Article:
Washington (CNN) - Newt Gingrich, the man in the House speaker's seat during the last government shutdown more than 17 years ago, urged House Republicans Friday to push forward with their plan to pass a bill that keeps funding the government - but only as long as it defunds Obamacare.
His pitch comes despite calls from some Republicans, including Sen. John McCain and Rep. Peter King, who say taking such an approach could be damaging to the party and the country.
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But Gingrich argued it paid off for the Republicans last time around and will work for the GOP again if they stand their ground.
"It did work for us. First of all, it worked for the country," the former House speaker said on CNN's "New Day." He then ticked off a series of legislative accomplishments - welfare reform, balanced budgets, and tax cuts - that the Republican-controlled Congress worked with then-President Bill Clinton to pass after the shutdown.
He also pointed to the fact that Republicans kept the House majority in the next midterm election in 1996.
"I think if we had rolled over, if we had been afraid to fight, if we had looked like we didn't believe what we said, we wouldn't have gotten any of that stuff," argued Gingrich, co-host of CNN's "Crossfire."
Chris Cuomo, co-host of "New Day," pushed back, saying those accomplishments largely happened on Clinton's terms because "he wound up leading the agenda" after Republicans "lost political capital" following the shutdown.
But Gingrich continued to argue "none of those things would have happened had we not had the courage to stand and fight."
Washington is marching toward a shutdown at the end of the month if House Republicans and Senate Democrats don't come to terms on a plan to keep the government funded when money runs out at the end of the month.
The Republican-controlled House is expected to pass a bill Friday that keeps the government running past September 30 - the end of the fiscal year - but strips money for the president's signature health care law. It will go to the Democratic-controlled Senate, where Democrats, with the backing of some Republicans, are set to kill the Obamacare amendment.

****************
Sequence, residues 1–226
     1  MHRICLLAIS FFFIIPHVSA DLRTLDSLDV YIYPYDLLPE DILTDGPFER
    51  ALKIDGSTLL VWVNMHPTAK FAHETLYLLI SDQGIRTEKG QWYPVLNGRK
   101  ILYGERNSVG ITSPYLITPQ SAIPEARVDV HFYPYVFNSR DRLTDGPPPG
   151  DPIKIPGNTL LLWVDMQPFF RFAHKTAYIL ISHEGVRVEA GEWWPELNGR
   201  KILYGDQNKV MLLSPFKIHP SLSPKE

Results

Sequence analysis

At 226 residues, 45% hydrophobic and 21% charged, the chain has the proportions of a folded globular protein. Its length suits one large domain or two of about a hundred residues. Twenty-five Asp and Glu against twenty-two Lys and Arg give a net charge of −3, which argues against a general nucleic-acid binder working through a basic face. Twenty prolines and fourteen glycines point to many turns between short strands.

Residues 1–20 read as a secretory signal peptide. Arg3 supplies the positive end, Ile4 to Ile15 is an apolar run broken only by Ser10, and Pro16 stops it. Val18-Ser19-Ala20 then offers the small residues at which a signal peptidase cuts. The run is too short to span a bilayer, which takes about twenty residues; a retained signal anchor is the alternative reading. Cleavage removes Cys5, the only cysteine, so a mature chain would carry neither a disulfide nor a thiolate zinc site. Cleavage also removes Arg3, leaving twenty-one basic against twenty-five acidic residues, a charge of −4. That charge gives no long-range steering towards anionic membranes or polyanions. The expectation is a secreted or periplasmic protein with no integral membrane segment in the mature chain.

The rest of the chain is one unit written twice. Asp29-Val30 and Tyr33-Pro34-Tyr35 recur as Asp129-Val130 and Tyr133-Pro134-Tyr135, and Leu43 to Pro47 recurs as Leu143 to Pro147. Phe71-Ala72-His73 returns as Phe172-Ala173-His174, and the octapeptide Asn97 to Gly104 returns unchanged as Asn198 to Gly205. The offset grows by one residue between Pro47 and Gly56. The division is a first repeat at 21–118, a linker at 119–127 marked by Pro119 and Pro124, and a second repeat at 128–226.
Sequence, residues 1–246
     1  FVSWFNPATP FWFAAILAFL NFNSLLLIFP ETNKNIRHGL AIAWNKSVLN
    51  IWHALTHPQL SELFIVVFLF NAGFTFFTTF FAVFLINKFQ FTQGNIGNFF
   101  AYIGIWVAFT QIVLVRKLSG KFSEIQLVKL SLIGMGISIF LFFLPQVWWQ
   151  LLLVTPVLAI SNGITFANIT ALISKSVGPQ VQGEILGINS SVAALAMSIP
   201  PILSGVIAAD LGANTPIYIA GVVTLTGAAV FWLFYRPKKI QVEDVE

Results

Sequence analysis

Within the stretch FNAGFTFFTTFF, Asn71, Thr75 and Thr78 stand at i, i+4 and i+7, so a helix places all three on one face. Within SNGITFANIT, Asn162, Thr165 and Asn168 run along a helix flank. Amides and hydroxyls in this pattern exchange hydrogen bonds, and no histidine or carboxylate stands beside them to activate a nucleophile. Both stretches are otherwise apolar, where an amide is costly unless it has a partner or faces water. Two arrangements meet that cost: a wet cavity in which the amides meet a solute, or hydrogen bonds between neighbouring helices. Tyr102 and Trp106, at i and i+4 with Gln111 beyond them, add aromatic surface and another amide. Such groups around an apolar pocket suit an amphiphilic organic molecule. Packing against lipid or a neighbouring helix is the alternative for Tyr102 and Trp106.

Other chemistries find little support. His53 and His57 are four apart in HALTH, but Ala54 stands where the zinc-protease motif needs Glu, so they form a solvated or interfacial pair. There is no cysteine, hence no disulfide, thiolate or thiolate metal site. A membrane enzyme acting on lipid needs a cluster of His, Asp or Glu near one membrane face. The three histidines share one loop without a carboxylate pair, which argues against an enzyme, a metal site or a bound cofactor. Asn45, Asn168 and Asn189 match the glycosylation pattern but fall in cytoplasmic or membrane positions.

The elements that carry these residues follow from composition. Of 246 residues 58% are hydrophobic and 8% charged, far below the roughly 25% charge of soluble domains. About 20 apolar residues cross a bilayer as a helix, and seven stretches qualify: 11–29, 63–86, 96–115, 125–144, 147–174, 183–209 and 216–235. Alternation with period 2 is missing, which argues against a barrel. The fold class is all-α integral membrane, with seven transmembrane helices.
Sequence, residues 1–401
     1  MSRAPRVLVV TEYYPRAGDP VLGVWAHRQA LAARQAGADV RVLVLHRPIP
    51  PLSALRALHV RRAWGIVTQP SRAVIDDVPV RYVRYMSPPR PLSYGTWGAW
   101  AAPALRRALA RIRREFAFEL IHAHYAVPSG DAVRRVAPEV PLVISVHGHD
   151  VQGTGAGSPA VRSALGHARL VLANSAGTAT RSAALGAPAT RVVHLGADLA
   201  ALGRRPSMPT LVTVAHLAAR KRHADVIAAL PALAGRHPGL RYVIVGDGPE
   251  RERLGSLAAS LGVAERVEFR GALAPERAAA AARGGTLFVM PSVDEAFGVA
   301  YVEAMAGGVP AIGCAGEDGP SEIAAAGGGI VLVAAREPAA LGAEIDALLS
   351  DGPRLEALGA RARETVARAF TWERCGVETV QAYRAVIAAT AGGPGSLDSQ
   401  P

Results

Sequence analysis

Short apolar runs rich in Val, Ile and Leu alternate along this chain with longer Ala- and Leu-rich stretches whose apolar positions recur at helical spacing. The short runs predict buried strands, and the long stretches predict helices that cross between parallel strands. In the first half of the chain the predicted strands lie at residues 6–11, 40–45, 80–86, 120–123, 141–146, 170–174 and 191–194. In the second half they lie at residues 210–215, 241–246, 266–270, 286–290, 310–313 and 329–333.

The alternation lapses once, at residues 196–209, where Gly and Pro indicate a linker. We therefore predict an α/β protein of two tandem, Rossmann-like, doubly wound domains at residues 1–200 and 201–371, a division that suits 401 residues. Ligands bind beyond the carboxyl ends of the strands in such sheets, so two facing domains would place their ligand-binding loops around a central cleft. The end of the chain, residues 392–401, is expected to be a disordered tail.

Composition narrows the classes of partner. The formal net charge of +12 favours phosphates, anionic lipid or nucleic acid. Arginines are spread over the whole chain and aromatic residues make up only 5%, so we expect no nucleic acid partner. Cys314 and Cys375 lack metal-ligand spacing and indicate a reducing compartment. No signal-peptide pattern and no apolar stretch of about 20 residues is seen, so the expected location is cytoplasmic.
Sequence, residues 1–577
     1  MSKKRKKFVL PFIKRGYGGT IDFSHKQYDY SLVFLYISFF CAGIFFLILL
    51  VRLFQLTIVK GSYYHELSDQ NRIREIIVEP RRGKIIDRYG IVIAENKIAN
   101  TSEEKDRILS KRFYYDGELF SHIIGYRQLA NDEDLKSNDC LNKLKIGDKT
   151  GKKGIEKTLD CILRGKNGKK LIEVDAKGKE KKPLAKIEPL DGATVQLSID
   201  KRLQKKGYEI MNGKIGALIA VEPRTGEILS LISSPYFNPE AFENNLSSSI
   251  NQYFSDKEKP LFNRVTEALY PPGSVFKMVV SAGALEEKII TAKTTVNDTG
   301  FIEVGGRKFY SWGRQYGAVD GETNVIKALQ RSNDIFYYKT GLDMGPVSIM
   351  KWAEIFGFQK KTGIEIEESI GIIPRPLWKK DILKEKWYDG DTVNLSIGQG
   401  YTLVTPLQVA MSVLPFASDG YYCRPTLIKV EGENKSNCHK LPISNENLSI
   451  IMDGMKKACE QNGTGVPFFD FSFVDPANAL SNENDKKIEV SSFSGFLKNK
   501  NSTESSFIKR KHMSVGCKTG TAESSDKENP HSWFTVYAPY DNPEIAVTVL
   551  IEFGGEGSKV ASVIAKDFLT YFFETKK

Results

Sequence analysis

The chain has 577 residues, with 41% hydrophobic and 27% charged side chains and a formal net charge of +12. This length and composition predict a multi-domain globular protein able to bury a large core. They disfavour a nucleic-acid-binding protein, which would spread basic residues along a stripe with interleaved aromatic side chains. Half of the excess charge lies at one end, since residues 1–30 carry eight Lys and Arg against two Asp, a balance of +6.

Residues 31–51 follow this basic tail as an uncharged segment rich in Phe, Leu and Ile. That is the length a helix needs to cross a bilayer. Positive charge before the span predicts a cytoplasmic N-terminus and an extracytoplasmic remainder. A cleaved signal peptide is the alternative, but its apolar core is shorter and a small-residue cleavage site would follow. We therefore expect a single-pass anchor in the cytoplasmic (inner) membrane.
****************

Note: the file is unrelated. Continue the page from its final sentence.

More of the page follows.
The bill would then be sent back to the House, which would have to decide whether to pass it and keep the government running or defeat it and possibly see a government shutdown.
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In the recent dust up over the fiscal deadline, House Republicans in favor of the move to defund Obamacare say they're simply trying to rid the country of a law that a majority of Americans don't like. Rather, Republicans argue, it's the Democrats who are threatening to shut down the government.
"If the House Republicans pass a bill that keeps open every part of the government...why is it their fault if the president and Harry Reid in the Senate then say they're not going to accept keeping open the government?" Gingrich asked.
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Public opinion polls, however, show Republicans would take the blame for a shutdown.
- CNN's Ted Barrett and Tom Cohen contributed to this report.